I recently had one tanka published in Skylark: A Tanka Journal. I’m thrilled to have a poem selected for publication by Claire Everett, the editor. She is one of the world’s foremost tanka poets and one whose work I love and admire.
Two tanka and one haiku were published
in A Hundred Gourds 5:2 March 2016
A Hundred Gourds 5:2 March 2016
Haiga by Mary Kendall
This was written for a prompt on the spring equinox for a favorite small poem poetry group I belong to called “seize the poem.” I’m enjoying creating this mix of haiku and photography, and I think I finally got the words correctly balanced on the picture, so I’m sharing it here as well. The photo is my own taken in the sculpture garden of the Rodin Museum in Paris this month.
I’m still very new as a haiku poet, so it is with caution that I’ve ventured out to try an actual haiga. A haiga combines art and a haiku. Since I lack all painterly skills, I’m combining my haiku with a photo that I love. I’ve done this in a slightly similar way on my blog with tanka and some autumn haiku. However, I consider this to be my very first true haiga.
“Haiga is a Japanese concept for simple pictures combined with poetry, usually meaning haiku. In Basho’s time, haiga meant a brushed ink drawing combined with one of his single poems handwritten as part of the picture. In our day and age, haiga can be watercolor paintings, photographs or collages with a poem of any genre that is integrated into the composition. Sometimes the poem is handwritten or it can be computer generated, depending on the artist’s taste.” (This definition of haiga is by the poet, Jane Reichhold on her website, Ah Ha! Poetry.)
Note on Photograph:
This beautiful photograph is by an Icelandic photographer known to me only as KariK on Flickr. It was posted and thus copyrighted in (c) 2011. It has been posted thousands of times online and almost never with an attribution to him. By doing a ‘backward’ image search I was able to find him on flickr. His photographs, most of nature, are magnificent. This is what he wrote for this particular picture (translated from Icelandic):
Reykjanestá: This location is unique for the fact that there can see the ocean ridge walk on 1 and, Mid-Atlantic Ridge, which separates the prefabricated North America and Europe.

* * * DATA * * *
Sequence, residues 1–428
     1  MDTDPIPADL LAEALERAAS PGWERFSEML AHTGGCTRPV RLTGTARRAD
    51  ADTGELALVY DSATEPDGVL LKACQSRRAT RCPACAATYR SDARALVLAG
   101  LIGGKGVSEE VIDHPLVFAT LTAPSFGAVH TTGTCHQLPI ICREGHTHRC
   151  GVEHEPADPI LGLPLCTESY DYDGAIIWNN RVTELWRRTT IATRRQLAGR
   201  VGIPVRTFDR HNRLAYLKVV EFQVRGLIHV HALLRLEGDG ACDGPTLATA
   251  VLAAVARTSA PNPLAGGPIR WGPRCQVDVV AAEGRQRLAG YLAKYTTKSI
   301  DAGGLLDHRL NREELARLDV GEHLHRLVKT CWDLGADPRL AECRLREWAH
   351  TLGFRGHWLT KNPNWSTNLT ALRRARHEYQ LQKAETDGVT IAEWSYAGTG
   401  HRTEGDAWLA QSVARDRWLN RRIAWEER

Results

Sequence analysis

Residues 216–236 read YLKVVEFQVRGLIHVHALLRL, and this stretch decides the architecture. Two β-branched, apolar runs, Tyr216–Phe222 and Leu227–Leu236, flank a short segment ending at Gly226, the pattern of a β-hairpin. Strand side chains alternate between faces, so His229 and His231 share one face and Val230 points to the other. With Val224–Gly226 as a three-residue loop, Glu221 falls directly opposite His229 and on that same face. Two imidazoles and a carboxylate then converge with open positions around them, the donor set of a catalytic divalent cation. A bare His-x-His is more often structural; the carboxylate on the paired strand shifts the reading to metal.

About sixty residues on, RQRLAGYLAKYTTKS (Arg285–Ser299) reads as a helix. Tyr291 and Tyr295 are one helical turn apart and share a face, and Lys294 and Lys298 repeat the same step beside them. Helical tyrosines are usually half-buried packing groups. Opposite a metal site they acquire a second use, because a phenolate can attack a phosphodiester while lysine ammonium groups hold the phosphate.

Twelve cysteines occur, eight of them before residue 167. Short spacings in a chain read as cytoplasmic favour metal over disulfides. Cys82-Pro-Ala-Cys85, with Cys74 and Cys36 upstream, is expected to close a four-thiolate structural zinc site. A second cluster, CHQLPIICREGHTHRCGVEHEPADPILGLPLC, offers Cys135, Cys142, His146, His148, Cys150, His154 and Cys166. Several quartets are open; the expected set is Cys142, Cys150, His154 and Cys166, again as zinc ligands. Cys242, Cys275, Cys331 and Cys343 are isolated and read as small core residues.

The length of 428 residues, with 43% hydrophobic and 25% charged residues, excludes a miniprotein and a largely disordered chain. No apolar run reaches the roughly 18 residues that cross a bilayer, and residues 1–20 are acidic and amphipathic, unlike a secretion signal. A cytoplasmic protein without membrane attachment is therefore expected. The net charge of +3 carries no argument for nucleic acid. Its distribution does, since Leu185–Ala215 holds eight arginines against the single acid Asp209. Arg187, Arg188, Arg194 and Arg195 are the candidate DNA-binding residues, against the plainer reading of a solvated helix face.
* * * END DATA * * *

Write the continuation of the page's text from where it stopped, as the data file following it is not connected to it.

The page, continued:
KariK, (c) 2011
Wild Water: Three Tanka
throughout the long day
the wild water crashes
again and again—
memories of you silently
slip under water
as evening comes
the tide begins to swell
in the empty sound,
one lone boat
longing to set sail
deep and low—
a bleak song
of ships surrendering
to savage waves
While visiting my brother and his wife this summer in East Aurora, New York, we experienced a truly wonderful and unexpected visit from three pileated woodpeckers at the suet feeder Jim had filled. His wife, Paulett, said the woodpeckers were frequent visitors to their lovely back garden. This was a first for me. Although I’ve been an on again, off again birdwatcher for most of my adult life, I’ve only seen one pileated woodpecker in person before. Seeing three at the same time was simply brilliant. Watching their acrobatics as they fed on the suet, flew back and forth to peck at a tree, and generally manoeuvered their rather large bodies in amazinglying agile ways was pure delight. After a feeding frenzy, they flew away and it felt amazingly still and empty where they had been. Much like a visit with beloved family and friends, the ‘after’ part comes all too soon and leaves a void in our hearts. This poem is dedicated to Jim and Paulett, two of the kindest and most caring people I know. Thank you for sharing your home, your family and your amazing woodpeckers with us.
Dining with the Woodpeckers
In the late August garden
The quiet afternoon now
Comes to a languorous close.
Out of nowhere, a flash of red,
Bright scarlet crests crowning
Three Pileated woodpeckers
Begin to feast at the suet feeder,
Fluttering, flying tree to tree,
Tree to feeder, alternately
Pecking at thick maple bark,
Then shifting to soft silky suet.
The youngest, now the size of its parents,
Joins in to grab his share, and father
And mother dutifully give way.
For a few Cirque des Oiseaux moments
All three woodpeckers hang right side up
And upside down, their brilliant red heads
Flash like stop lights in the early evening sun.
We sit around the table eating an early supper
And sipping local wine. Conversation drifts
As we watch in these avian acrobatics.
Just as quickly as they arrived, so soon are
They are gone. More wine is poured,
Seconds of hot buttered corn and fresh
Heirloom garden tomatoes are passed
From one to the other. Like the birds,
We share this meal together, enjoying
The richness of what the day has given.
A light wind blows the leaves outside,
A beautiful evening for us to be together
Knowing that summer will end all too soon.
The First Coyote
Shadowed by trees, it was alert,
Watching those on the porch.
Tall, thin, a knife sharp gaze,
This coyote knew its way around.
The startled man cradled the cat
And called the nervous dogs back
Inside the house, far away from
This lurker in the evening woods.
Was it waiting for a squirrel or
Rabbit? You couldn’t tell this far
Away, yet clearly it was patient
And after tonight’s dinner.
How else could it survive
If not for foraging here and
There, waiting for a quick
Capture, meat for a day or two.
This was the first coyote seen
In the neighborhood, and now
I open the window late at night
To listen to it sing to the moon.